Think back to George Osborne’s budget. Do you remember how often he used the word fair? Do you remember how often he used the word progressive? More importantly do you remember how he added an additional £2 billion to the child tax credit to make sure all those graphs looked the way he wanted?

I wonder if Mr Osborne realises how much of an intellectual concession this is. The terms ‘progressive’ and ‘fair’ are becoming increasingly common in our political vernacular. This wouldn’t be a problem if the words true meanings hadn’t been distorted out of all recognition. For progressive, read statist. For fair, read redistribution.

The corpse of Brownism still haunts the political debate. The 50p tax rate will stay, not because of any tangible benefit it brings, but because of ‘fairness’. Taxes will have to rise to plug the deficit, not cut to ensure growth and greater tax takes in time. Free school milk is to remain despite having no discernable health benefits because of the long shadow that Thatcher has cast over the Conservative party.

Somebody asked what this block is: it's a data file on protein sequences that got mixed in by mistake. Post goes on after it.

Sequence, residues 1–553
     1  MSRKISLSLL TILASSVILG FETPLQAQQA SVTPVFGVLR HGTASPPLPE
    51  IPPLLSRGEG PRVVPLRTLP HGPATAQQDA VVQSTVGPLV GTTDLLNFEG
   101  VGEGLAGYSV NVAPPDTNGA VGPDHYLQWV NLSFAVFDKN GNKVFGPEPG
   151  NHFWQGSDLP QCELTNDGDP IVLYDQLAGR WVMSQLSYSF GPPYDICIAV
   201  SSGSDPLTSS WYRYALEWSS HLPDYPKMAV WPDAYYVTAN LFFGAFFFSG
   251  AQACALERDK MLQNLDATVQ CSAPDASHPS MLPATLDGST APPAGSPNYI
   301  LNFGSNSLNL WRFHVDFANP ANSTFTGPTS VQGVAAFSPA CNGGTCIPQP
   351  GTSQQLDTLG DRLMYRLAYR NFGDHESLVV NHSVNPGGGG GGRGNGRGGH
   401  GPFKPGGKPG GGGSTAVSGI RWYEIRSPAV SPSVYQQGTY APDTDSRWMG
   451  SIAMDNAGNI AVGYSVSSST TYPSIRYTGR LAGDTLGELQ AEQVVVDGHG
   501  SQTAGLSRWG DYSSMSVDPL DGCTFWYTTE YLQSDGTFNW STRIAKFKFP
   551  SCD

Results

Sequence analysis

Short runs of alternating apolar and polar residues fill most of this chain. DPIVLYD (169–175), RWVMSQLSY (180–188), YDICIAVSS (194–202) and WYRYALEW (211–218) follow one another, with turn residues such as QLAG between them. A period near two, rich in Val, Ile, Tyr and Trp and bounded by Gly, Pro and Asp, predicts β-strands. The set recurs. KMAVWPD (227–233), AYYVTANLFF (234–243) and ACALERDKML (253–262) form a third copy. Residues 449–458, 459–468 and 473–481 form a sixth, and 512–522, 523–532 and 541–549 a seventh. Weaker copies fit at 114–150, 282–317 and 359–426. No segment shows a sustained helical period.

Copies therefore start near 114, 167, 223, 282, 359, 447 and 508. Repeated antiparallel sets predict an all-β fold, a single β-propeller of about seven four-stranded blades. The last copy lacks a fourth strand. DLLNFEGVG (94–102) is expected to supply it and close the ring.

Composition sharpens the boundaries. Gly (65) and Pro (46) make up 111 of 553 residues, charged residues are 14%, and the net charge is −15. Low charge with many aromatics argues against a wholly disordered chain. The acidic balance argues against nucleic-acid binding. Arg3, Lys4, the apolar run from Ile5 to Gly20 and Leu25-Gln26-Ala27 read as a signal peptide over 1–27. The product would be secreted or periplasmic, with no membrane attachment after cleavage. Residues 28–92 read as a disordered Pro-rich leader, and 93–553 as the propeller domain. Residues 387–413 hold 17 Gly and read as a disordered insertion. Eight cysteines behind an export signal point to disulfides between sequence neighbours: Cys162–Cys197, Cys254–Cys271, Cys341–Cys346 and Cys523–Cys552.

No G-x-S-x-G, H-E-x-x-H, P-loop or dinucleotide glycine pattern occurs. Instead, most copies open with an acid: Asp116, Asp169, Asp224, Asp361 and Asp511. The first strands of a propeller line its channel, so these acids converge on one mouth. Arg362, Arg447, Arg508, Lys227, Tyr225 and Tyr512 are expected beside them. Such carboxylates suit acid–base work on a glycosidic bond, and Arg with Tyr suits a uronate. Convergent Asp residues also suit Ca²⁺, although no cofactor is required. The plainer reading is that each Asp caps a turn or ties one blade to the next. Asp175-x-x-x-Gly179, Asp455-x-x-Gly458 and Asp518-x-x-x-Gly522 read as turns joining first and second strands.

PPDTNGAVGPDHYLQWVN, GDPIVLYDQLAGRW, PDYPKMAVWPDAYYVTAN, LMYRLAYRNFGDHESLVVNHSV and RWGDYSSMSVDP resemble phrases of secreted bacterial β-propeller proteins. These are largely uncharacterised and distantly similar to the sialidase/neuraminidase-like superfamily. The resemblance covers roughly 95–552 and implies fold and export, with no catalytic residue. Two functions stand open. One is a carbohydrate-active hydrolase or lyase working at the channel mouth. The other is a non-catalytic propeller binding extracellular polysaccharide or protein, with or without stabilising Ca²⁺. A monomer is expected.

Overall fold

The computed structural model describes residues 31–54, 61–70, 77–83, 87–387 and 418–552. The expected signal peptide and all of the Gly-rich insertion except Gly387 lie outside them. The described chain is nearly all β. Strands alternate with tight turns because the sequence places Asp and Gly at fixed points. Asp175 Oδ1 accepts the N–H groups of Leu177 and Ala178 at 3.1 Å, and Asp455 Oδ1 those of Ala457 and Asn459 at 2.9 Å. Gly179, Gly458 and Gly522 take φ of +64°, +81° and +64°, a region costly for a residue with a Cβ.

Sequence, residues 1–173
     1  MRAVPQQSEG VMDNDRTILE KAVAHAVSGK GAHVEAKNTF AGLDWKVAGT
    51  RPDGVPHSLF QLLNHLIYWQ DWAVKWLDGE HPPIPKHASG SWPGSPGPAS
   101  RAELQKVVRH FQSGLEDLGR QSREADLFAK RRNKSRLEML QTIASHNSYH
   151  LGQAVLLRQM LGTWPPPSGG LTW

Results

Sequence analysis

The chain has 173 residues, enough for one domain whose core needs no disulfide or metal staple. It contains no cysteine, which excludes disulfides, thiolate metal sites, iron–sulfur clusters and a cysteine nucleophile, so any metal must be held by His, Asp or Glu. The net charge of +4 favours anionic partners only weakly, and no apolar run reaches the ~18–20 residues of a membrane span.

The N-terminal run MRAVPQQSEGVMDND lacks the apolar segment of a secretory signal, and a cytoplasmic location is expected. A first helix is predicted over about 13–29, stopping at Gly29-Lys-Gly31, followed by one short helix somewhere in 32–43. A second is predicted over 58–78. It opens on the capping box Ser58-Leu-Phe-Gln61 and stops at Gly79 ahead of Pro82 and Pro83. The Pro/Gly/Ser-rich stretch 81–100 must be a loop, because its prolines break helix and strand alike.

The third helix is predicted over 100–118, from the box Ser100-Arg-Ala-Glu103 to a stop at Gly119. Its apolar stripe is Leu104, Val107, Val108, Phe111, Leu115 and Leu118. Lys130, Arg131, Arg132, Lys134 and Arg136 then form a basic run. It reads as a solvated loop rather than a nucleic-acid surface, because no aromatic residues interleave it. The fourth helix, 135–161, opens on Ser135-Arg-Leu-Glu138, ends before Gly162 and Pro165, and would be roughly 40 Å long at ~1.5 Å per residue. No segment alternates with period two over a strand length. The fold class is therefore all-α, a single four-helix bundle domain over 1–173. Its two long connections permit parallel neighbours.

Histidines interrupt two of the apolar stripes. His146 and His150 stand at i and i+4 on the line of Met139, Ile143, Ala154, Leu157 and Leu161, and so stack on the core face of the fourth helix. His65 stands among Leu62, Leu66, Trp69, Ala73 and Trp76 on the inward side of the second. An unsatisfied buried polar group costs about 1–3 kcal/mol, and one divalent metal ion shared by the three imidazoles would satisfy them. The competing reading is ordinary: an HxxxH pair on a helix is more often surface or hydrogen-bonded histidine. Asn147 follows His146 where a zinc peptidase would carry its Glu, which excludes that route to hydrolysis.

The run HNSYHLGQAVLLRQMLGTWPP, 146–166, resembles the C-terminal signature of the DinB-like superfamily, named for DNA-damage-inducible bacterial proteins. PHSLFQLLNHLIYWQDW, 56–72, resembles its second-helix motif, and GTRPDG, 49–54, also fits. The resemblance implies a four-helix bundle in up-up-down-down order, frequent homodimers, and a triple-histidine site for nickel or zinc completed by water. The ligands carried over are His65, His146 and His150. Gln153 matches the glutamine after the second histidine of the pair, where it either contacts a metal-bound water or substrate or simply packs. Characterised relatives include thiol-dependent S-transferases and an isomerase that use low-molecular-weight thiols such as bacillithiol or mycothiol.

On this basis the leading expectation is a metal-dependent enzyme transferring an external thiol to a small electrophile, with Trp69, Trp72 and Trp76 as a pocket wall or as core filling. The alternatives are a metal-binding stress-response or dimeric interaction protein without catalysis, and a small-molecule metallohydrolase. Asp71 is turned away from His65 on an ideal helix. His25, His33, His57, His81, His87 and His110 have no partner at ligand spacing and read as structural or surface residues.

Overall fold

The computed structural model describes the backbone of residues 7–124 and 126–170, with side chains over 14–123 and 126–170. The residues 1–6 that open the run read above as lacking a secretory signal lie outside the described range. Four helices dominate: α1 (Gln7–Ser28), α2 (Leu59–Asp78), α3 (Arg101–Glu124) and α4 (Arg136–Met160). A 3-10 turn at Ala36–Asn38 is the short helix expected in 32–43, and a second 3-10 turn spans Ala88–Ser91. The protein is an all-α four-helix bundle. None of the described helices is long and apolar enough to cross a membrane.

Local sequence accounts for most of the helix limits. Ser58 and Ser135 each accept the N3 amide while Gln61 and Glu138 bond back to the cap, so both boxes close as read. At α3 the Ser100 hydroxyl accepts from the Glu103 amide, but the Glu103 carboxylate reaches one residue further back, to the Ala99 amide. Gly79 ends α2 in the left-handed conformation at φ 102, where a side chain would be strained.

Everywhere we look we are told about the terrible cuts to come. These cuts, as we have already outlined on this blog, are practically non-existent. Public spending continues to rise, year on year. What’s more worrying is that no intellectual case is being put forward that cuts are a good thing in and of themselves. The idea that ever higher public spending is an unquestionably good thing is rarely even challenged.

I would like to see the government send a clear message; a message that shatters assumptions. I would cut the top rate of income tax, not to 40%, but to 35%, and I would also lower the bottom rate to 17.5% so it remains half the top rate. This would send the message that the fruits of your labour are yours to keep. It would strike a blow to the politics of class warfare and envy. It would be a rallying cry for economic liberalism, and it would show that the coalition government is not bound by the intellectual chains of the left.

Well, we can all dream, can’t we?